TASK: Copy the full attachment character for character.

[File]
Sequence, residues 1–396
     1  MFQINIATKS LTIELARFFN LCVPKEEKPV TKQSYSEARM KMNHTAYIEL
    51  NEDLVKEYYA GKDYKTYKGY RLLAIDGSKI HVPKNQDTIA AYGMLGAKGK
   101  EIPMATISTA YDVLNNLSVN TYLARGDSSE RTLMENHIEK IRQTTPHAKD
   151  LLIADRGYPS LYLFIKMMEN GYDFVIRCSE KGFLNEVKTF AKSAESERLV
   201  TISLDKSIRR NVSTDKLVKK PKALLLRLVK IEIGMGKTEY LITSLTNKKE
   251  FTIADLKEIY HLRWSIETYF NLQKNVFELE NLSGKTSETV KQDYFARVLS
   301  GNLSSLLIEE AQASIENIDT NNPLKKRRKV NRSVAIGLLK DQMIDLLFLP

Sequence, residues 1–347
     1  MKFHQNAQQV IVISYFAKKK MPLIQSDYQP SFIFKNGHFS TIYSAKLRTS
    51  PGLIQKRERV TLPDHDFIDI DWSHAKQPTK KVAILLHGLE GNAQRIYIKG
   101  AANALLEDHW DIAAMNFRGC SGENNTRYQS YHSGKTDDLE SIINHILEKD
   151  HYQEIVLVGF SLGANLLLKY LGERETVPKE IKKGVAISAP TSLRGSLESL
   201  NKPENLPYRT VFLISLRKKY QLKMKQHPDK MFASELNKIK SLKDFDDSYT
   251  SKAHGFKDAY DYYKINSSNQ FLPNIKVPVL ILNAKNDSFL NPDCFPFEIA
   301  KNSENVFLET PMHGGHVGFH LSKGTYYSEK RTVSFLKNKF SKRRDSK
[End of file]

Sequence, residues 1–396
     1  MFQINIATKS LTIELARFFN LCVPKEEKPV TKQSYSEARM KMNHTAYIEL
    51  NEDLVKEYYA GKDYKTYKGY RLLAIDGSKI HVPKNQDTIA AYGMLGAKGK
   101  EIPMATISTA YDVLNNLSVN TYLARGDSSE RTLMENHIEK IRQTTPHAKD
   151  LLIADRGYPS LYLFIKMMEN GYDFVIRCSE KGFLNEVKTF AKSAESERLV
   201  TISLDKSIRR NVSTDKLVKK PKALLLRLVK IEIGMGKTEY LITSLTNKKE
   251  FTIADLKEIY HLRWSIETYF NLQKNVFELE NLSGKTSETV KQDYFARVLS
   301  GNLSSLLIEE AQASIENIDT NNPLKKRRKV NRSVAIGLLK DQMIDLLFLP

Sequence, residues 1–347
     1  MKFHQNAQQV IVISYFAKKK MPLIQSDYQP SFIFKNGHFS TIYSAKLRTS
    51  PGLIQKRERV TLPDHDFIDI DWSHAKQPTK KVAILLHGLE GNAQRIYIKG
   101  AANALLEDHW DIAAMNFRGC SGENNTRYQS YHSGKTDDLE SIINHILEKD
   151  HYQEIVLVGF SLGANLLLKY LGERETVPKE IKKGVAISAP TSLRGSLESL
   201  NKPENLPYRT VFLISLRKKY QLKMKQHPDK MFASELNKIK SLKDFDDSYT
   251  SKAHGFKDAY DYYKINSSNQ FLPNIKVPVL ILNAKNDSFL NPDCFPFEIA
   301  KNSENVFLET PMHGGHVGFH LSKGTYYSEK RTVSFLKNKF SKRRDSK